Components of Vaping Batteries

Let’s take things a little bit deeper. Batteries are comprised of three primary components: the anode, the cathode, and the electrolyte.

Most batteries you’re going to see on the market are Li-Ion (lithium iron). As such, they mostly contain the same anodes comprised of carbon/silicon and graphite.

The cathode is where most batteries begin to distinguish themselves, however, with different compositions offering different advantages and disadvantages. Manufacturers use a standardized code to break down this internal chemistry, usually in the format of “I _ R”. The “I” stands for “lithium ion” and the “R” stands for “rechargeable”. The letter in the middle is usually C, M, N, or F. Each of these corresponds with a different element and accounts for the three primary types of battery:

 

  • ICR (Cobalt) – These batteries feature some of the highest energy and capacity of any battery out there. The downside is that they can tend to be more volatile than other options. You also cannot safely discharge them at a higher current than their mAh rating. Typically, these batteries fall into the “protected” category, given these risks. Oh, and they’re also not typically used for vaping. Moving on…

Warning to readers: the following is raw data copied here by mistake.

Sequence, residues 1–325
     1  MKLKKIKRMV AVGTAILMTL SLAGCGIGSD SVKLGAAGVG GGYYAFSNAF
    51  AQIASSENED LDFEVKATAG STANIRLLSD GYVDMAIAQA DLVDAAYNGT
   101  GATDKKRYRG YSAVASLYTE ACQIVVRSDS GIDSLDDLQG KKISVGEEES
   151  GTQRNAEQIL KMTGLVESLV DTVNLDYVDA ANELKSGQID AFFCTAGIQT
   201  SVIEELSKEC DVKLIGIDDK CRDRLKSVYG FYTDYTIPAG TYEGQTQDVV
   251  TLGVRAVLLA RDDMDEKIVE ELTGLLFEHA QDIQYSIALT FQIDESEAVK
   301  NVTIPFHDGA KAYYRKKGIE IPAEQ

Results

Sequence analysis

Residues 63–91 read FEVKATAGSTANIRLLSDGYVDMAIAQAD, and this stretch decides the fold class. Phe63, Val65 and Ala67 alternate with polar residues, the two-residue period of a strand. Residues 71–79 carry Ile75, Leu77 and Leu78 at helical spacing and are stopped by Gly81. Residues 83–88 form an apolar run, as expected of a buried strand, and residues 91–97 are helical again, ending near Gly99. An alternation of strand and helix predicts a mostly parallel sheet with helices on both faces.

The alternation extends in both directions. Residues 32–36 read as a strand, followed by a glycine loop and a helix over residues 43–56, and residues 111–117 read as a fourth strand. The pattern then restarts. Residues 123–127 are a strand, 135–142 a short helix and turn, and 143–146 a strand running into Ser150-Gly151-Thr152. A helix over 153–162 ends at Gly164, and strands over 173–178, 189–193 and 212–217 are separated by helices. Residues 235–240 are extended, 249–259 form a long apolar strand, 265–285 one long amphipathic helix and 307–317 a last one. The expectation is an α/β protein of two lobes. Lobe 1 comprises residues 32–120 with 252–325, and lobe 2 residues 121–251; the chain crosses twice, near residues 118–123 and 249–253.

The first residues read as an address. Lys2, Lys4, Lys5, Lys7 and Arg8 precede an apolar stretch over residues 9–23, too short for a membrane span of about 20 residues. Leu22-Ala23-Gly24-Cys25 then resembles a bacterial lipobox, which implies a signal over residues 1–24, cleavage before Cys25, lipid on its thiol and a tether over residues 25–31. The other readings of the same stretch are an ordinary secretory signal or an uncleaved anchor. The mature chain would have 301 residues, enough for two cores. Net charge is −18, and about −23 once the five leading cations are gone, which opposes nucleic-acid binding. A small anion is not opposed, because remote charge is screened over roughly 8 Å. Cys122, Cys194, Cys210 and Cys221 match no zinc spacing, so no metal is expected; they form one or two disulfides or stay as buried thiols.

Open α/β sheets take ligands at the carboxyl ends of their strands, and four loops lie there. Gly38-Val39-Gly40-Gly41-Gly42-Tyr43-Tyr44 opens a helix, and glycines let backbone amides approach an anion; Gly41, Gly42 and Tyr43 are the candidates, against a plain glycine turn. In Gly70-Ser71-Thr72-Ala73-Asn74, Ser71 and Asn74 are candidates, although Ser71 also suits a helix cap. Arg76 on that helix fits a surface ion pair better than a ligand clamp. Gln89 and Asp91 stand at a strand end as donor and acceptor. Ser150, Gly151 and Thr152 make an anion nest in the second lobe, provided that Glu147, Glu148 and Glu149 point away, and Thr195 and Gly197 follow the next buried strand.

• IMR (Manganese) – These are safer than ICR batteries and are also some of the most common. The chemistry of these batteries makes them particularly safe for discharging at high currents without overheating. This is obviously ideal for high-discharge vaping and they don’t necessarily require the integrated protections you may find in ICR batteries. As such, these are quite popular among vapers.
  • INR (Manganese Nickel) – For most vapers, INR batteries are the crown jewel. The hybrid chemistry of these batteries fuses manganese and nickel together, combining the safety of manganese with the high energy capacity of nickel. This combination offers a nice big capacity with high-discharge capabilities, literally perfect for vaping. They’re also super safe and do not require integrated protections.

 

Safety First when using Vaping Mods

You hear horror stories of vapes and batteries exploding all the time. Every time it happens, there seems to be a media blitz urging a militant assault on vaping as an institution. Do us all a favor and don’t become another one of these stories.

In nearly every incidence of vaping catastrophe, irresponsible or ignorant vaping practices are to blame. Follow these vital tips to make sure your setup doesn’t literally blow up in your face:

 

  1. Don’t mix different battery types in a single device. If you’re using a dual or triple battery setup, use the exact same batteries in each slot.
  2. Always charge external batteries in an external charging device. A lot of mods offer the option to charge within the mod itself using an included USB cable. This is not the worst option in a pinch, but you should definitely make it a habit to charge in a dedicated charger.
  3. Slower charging speeds extend the life of your battery. If you can afford the extra time, charge your batteries at a slower rate, like 750mAh.